ADA supports Supreme Court brief, 'profoundly interested'
January 16, 2015
– The Supremacy Clause of the U.S. Constitution gives providers "a private right of action" to sue the government to enforce federal Medicaid law in the states, the Association and other health professional associations assert in a friend-of-the-court brief filed with the U.S. Supreme Court. On Jan. 20, the court will hear oral arguments in the case, Armstrong v. Exceptional Child Center, Inc.
Medicaid's "equal access" provision requires that states choosing to accept federal Medicaid funds must set provider reimbursement rates that are "sufficient to enlist enough providers so that care and services are available under the plan at least to the extent that such care and services are available to the general population in the geographic area." The issue before the court is this: Whether the federal Supremacy Clause gives Medicaid providers a private right of action to enforce the "equal access" mandate against a state where Congress chose not to create enforceable rights under that statute.
The ADA and six other prominent health professional associations "are profoundly interested in this case because the states' failure to comply with the Medicaid Act's 'equal access' provision has a well-documented, negative impact on patient care," the brief says. In addition to the ADA, the American Medical Association, American Academy of Pediatrics, American Congress of Obstetricians and Gynecologists, American Academy of Family Physicians, American College of Emergency Physicians and California Medical Association signed on to the brief.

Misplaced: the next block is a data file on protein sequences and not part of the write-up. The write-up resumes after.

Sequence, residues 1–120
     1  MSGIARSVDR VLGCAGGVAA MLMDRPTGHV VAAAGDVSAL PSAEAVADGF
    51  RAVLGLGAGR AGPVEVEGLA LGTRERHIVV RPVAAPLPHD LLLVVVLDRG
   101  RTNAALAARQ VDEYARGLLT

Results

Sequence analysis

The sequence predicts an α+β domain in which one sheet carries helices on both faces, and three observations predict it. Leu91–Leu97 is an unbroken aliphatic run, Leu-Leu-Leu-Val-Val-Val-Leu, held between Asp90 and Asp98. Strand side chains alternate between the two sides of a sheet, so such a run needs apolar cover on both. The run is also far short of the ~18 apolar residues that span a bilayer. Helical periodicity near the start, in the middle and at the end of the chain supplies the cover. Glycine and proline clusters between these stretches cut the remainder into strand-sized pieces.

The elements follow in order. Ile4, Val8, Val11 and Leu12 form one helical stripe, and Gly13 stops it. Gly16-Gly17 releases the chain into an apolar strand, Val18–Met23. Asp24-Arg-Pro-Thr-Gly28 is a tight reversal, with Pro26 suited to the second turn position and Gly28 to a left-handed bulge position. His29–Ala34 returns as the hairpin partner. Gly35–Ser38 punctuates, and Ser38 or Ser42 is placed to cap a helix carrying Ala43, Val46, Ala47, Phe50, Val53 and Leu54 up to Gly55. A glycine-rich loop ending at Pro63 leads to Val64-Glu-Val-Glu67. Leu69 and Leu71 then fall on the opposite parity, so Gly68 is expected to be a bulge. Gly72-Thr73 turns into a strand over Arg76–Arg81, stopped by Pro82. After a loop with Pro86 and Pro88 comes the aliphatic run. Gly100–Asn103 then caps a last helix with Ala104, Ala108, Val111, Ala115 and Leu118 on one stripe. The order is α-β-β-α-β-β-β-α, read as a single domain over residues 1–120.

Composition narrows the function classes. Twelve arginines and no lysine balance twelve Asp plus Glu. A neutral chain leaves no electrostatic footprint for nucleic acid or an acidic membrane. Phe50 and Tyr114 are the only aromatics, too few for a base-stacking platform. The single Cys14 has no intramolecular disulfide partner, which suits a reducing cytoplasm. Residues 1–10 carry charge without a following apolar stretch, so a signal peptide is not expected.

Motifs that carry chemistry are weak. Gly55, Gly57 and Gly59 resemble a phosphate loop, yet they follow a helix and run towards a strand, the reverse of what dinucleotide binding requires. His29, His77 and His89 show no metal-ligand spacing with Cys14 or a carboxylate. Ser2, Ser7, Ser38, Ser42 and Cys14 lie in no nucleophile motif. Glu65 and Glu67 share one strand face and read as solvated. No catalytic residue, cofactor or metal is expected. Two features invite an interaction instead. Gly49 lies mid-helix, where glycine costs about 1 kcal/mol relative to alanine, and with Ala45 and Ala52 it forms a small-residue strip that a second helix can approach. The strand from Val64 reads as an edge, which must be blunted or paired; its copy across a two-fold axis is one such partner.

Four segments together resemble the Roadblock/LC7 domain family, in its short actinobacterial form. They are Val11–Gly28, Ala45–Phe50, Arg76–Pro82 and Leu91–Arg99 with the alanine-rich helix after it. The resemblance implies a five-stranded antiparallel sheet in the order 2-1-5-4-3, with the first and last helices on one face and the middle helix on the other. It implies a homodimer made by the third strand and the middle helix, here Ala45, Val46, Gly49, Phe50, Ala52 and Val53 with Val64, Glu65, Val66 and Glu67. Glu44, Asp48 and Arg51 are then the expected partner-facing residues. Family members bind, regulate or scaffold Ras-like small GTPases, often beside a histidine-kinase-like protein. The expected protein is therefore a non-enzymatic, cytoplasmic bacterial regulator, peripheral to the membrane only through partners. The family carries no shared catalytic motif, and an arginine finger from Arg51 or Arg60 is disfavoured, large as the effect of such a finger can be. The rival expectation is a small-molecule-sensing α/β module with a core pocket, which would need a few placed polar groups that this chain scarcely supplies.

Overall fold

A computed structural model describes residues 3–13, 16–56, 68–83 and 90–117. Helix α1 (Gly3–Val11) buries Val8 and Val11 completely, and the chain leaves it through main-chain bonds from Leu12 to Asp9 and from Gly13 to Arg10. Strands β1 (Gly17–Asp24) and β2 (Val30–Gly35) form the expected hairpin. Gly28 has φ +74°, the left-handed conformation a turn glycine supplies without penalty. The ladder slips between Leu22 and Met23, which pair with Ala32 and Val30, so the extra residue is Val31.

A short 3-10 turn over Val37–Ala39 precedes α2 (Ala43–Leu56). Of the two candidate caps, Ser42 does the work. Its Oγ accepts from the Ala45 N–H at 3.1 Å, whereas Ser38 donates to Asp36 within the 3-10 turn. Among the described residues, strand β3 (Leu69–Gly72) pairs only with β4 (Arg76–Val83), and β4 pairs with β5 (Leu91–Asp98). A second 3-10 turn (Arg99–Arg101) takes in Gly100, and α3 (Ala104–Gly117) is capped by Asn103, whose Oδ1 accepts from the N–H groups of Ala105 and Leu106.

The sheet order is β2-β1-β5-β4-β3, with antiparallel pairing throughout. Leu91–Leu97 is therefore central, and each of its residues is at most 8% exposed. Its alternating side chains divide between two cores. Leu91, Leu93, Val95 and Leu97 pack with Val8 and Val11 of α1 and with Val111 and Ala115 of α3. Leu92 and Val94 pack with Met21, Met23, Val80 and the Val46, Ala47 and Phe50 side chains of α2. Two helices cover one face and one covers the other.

Separate friend-of-the-court "amicus" briefs were offered by current and recent members of Congress, former federal Medicaid officials and 19 organizations "committed to serving the needs of low-income persons, including older Americans, individuals with disabilities, children and women of child-bearing age."
The government opposes private action lawsuits by providers "to enjoin state Medicaid reimbursement rates as inconsistent" with the Medicaid equal-access provision. "Section 30 (A) "does not confer on providers any individual right; nor does it entitle them to a certain level of payments that would be enforceable under this court's decision in Gonzaga University v. Doe," said the brief for the United States.
The health care associations' brief, on the other hand, urges the court to focus on "the important role of private actions to enforce the supremacy of federal law including [Medicaid] Section 30(A)'s equal-access mandate and other sections of the Medicaid Act, and urge this court to refrain from deciding issues that are not briefed or presented for decision here."
"This case presents a single question under the Supremacy Clause, and the court should resist the suggestion [in other briefs] to go beyond that question and decide other issues," the professional associations said.
Medicaid beneficiaries and providers have long relied on private lawsuits to remedy states' non-compliance with the equal-access mandate, and reimbursement rates are important to provider participation, the associations said. Private litigation in Connecticut and Oklahoma led to increased dental reimbursement rates and increased access to dental care for children, their brief said.
"The lack of provider participation and resultant unequal access can be deadly," the health professionals' brief argued. "For example, in 2007 a 12-year-old Medicaid recipient named Deamonte Driver died from a brain infection caused by untreated tooth decay." The boy's mother was unable to find a Medicaid-participating dentist to provide preventive care for Deamonte and his brother, the brief said. By the time Deamonte's aching tooth got any attention, bacteria from the abscess had spread to his brain, leading to two operations and more than six weeks of hospital care costing more than $250,000.